MILWAUKEE >> You might be surprised to learn surfing is increasingly popular on the Great Lakes. In fact, some enthusiasts plunge into Lake Michigan any chance they get, any time of year.
Shorewood resident Ken Cole hopes to make a statement through the boards he makes and rides.
Cole’s introduction, and instant infatuation, with surfing did not swell out of Lake Michigan. It was in a place far, far away and long, long ago. “It was the mid-’90s,” he recalls. “I was in Hawaii doing an internship and writing my dissertation.”
Cole found himself distracted by the sea. “So I eventually bought an old beater board that had a ton of duct tape and a lot of water stuck in there and just chipped away at learning it and found that the sport itself was life-changing … the culture and the folks I surfed with.”
Cole’s career led him to Chicago and, later, Milwaukee. “I found that you can surf in Lake Michigan. Bought a board and eventually moved up here to Milwaukee back in the late ’90s and found the culture was growing. Back then it seemed there were about 25 of us in the water then.”
In 2013 he helped create an event to help attract more people to the sport he loves. Surf Water now lures hundreds of people to tiptoe onto a board every summer.
Cole’s personal mission has expanded to the board beneath his feet, WUWM-FM reported.
“Every single surfboard — approximately 400,000 are made each year, and of those 99.999 are made out of foam and fiberglass and also toxic resins. And it’s going to go into the water and eventually break down,” he explains.
So, Cole decided to try making his own in his garage about three years ago. “Much to my wife’s and my family’s chagrin, because making surfboards, as you can see, is extremely dusty.” Cole adds, “But that was the first time I used jute.”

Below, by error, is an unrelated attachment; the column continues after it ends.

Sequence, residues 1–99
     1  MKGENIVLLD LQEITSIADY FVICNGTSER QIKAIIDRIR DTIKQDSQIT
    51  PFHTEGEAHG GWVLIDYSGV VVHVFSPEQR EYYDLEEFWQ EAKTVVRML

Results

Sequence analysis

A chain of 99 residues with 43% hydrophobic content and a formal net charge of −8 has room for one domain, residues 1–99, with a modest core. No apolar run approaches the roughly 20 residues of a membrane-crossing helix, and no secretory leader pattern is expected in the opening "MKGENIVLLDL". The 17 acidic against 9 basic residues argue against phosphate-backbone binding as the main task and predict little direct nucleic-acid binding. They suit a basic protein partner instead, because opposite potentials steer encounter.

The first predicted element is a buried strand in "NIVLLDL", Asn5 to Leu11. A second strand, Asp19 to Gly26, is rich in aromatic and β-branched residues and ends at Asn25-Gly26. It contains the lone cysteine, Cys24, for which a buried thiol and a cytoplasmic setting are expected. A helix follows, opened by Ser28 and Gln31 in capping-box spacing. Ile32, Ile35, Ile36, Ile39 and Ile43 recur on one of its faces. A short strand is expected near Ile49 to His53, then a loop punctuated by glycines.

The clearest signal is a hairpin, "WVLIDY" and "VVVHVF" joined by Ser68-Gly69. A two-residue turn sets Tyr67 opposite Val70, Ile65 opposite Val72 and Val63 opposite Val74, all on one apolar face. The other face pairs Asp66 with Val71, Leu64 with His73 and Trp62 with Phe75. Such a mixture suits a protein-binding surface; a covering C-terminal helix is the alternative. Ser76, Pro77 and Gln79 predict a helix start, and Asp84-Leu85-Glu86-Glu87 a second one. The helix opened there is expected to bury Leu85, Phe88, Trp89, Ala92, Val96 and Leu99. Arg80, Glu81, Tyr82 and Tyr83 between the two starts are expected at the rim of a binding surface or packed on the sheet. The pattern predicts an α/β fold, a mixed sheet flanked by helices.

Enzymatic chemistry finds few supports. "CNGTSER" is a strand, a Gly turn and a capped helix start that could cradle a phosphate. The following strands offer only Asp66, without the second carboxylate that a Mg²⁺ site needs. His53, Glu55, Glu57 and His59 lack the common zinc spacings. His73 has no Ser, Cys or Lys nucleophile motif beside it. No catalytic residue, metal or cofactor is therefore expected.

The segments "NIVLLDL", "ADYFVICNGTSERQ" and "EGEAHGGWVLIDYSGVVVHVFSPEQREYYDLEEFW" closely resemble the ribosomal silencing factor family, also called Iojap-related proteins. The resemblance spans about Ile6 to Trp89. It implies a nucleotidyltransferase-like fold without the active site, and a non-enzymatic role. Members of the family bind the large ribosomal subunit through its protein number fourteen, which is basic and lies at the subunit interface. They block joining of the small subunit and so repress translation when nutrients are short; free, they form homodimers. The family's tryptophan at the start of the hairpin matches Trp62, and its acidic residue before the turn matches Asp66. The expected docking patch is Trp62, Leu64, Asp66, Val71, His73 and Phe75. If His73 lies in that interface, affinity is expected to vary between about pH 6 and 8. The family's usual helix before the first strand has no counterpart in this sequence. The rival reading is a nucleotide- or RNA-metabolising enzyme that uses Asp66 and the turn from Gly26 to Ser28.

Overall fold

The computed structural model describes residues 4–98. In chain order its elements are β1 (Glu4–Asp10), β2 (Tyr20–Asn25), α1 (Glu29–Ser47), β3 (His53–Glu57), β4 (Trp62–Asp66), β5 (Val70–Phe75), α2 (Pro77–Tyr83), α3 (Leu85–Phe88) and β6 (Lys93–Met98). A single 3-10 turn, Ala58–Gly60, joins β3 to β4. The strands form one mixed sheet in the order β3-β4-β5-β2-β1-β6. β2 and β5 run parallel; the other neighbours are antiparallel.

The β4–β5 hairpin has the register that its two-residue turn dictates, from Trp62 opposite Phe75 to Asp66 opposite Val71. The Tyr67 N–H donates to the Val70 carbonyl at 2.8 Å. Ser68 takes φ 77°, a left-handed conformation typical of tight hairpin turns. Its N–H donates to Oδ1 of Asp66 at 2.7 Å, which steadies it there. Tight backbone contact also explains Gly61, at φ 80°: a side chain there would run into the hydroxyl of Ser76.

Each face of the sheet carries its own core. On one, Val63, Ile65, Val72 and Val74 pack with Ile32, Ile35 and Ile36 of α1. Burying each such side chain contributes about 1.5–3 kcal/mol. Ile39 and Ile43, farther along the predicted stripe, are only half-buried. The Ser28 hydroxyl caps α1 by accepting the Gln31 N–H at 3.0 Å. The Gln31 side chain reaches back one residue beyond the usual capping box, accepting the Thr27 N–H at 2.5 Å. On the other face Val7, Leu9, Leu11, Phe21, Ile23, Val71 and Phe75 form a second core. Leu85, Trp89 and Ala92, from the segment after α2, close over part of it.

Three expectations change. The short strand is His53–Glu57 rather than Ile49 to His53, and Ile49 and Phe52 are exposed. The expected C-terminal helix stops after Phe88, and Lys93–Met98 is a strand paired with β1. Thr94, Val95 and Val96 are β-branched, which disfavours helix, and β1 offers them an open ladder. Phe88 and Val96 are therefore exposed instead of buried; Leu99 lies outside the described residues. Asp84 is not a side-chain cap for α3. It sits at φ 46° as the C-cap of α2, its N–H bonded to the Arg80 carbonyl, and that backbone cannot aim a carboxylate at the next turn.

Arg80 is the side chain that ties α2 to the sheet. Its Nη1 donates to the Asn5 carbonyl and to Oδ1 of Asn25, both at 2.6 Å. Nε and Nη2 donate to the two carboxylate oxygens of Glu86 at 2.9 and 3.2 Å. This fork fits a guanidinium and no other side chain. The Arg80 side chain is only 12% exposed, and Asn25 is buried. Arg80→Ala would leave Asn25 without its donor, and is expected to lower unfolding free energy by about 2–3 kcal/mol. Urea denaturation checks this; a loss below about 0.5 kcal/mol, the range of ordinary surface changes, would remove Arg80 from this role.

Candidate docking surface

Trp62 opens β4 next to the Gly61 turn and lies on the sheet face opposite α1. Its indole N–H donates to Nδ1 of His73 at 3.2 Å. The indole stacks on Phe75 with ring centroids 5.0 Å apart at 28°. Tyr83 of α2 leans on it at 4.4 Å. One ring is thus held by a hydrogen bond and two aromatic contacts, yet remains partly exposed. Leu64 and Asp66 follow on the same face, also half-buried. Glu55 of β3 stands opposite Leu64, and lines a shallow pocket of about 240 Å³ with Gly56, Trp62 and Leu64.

Jute is a vegetable fiber used to make coffee bags. Thanks to a local roaster, Cole stitches donated bags together. They cover the core hand-cut by Cole.
Wrapping the board in jute eliminated the need for Fiberglas.
“So this board will have zero Fiberglas whatsoever. … The process is a pretty long one because what I have to do is lay this jute down and pour bio-resin on it. All surfboards use resin of some sort — again an oil-based product,” Cole says.
He opts instead for a plant-based resin. “So you pour the resin on this, it eventually cured and then you have to massage it in and then you have a solid surfboard.”
His most nagging challenge is the material that currently forms his surfboard’s core. Although it’s fabricated only 60 miles north of here, the foam leaches toxic substances, like styrene and benzene.
Several mechanical engineers are helping Cole come up with an eco-friendly alternative. “Ideally, within two or three years put out something that shows Milwaukee and, dare I say, the world you can actually surf on something that when the time’s for it to go away, it doesn’t destroy the environment, but rather feed backs into it.”
He has moved his experiment from his garage to a sun-drenched second-floor space above a marina on the edge of Milwaukee’s harbor district.
And while crafting surfboards is a passion he hopes inspires others, Cole isn’t about to give up his day job as a psychologist.
“The best part is in the summer. … I’ll get up here at about 5 in the morning, and sometimes I’m shaping and sanding from 5 to 7:30, and then I’ll go into the phone booth and change into my suit,” Cole says.
What about winter surfing on Lake Michigan? Cole catches waves as often as weather and his schedule permits, including last weekend.
He looks down at the 10-foot-long, 24-inch-wide creation he’s shaping at the moment. “As surfers I truly believe since we’re the ones in the environment all the time and loving it, we can be leaders in so many ways. So if I crank out 12 to 15 boards and it sends a message, then others might catch on that have the capacity to build a lot more,” Cole says.